Geoffrey Bibby

From Wikipedia, the free encyclopedia
Jump to navigation Jump to search
Geoffrey Bibby excavating the Bahrain Fort in the 1950s.

Thomas Geoffrey Bibby (14 October 1917 – 6 February 2001, Aarhus) was an English-born archaeologist. He is best known for discovering the ancient state of Dilmun, referred to in Mesopotamian mythology as a paradise.[1] He is often considered to have been the pioneer of Arabian archaeology.[2]


Thomas Geoffrey Bibby was born on 14 October 1917, in Heversham, Westmorland, England. During the Second World War, he served the British intelligence agency. At one point, he was sent to join the Danish resistance.[1]

He studied archaeology at Cambridge University prior to World War II, but because he could find no work in that profession after the war, he lived in Bahrain and worked for the Iraq Petroleum Company from 1947 to 1950. On a return visit to Britain he met his future wife, whom he married in 1949. Through her he met the Danish professor Peter Vilhelm Glob and so acquired a position at the University of Aarhus in Denmark.[1]


In 1953, he and professor Glob led a Danish team of archaeologists to Bahrain. The team focused its excavations primarily below the Qal'at al-Bahrain, originally a large stratified tell on the northern shores of the country.[3] The site covered around 50 hectares and was dated to the Early Dilmun period, which was the first quarter of the second millennium BC. The team had initially found pottery from the pre-Early Dilmun period, dated to 2400 BC, to the Hellenic period of Bahraini history. Archaeologists have also discovered a short length of the early Second-millennium city wall and the fragmented plans of six houses in the site.[3] The team also proceeded to excavate in Saar, Bahrain village, which led to the discovery of Saar temple which dated to the Dilmun era.[3]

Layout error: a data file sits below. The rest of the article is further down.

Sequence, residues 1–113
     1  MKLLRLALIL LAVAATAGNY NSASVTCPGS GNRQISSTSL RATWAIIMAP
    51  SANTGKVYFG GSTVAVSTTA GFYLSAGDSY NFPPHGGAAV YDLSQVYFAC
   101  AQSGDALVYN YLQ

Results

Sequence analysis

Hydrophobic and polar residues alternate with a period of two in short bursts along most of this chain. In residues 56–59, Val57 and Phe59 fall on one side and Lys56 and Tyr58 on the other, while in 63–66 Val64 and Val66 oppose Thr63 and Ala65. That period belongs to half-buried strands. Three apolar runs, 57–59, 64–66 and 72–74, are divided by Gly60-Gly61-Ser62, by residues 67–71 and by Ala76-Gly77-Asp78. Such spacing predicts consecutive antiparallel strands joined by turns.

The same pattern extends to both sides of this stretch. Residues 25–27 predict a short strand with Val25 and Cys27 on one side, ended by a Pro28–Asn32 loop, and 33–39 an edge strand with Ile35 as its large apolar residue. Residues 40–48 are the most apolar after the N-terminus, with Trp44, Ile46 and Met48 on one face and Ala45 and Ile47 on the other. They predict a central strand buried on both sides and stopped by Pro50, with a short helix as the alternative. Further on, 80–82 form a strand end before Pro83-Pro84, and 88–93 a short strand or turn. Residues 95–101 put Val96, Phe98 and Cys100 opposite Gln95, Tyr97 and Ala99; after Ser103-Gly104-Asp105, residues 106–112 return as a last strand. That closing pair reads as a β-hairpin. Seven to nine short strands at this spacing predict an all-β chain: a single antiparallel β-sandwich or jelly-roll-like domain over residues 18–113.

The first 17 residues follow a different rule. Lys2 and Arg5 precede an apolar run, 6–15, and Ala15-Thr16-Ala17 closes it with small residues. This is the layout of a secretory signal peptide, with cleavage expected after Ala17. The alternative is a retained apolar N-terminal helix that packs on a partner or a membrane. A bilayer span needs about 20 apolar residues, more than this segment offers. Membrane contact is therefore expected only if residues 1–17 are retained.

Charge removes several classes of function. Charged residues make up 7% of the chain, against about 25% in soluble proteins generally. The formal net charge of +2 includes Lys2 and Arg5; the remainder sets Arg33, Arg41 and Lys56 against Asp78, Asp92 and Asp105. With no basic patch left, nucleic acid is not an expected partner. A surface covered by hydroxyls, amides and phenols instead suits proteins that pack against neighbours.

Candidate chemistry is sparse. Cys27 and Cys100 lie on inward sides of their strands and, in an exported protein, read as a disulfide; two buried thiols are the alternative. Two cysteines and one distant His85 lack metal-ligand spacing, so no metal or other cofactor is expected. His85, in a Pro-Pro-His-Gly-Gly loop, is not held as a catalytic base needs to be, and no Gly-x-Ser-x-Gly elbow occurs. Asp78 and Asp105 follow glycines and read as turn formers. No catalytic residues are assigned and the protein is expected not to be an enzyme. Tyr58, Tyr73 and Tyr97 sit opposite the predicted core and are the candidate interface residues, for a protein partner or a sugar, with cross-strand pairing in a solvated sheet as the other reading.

Bibby also wrote about stone and Bronze Age Europe, particularly the bog peoples of Denmark.


  • Bibby, Geoffrey (1956). The Testimony Of The Spade. Knopf.
  • Bibby, Geoffrey (1961). Four Thousand Years Ago: A World Panorama of Life in the Second Millennium B. C. Literary Licensing. ISBN 9781258075057.
  • Bibby, Phillips, Geoffrey, Carl (1961). Looking for Dilmun. Midpoint Trade Books. ISBN 9780905743905.


  1. ^ a b c Saxon, Wolfgang. "T. Geoffrey Bibby, Discoverer of Gilgamesh's Island, Dies at 83". Cornell Library. The New York Times. Retrieved 13 November 2012.
  2. ^ "Deaths". The Washington Post (via HighBeam Research). February 16, 2001. Archived from the original on February 29, 2016. Retrieved 15 November 2012.
  3. ^ a b c Crawford, Harriet (1997). "The site of Saar: Dilmun reconsidered". Antiquity (via HighBeam Research). Archived from the original on 14 March 2016. Retrieved 15 November 2012.

External links[edit]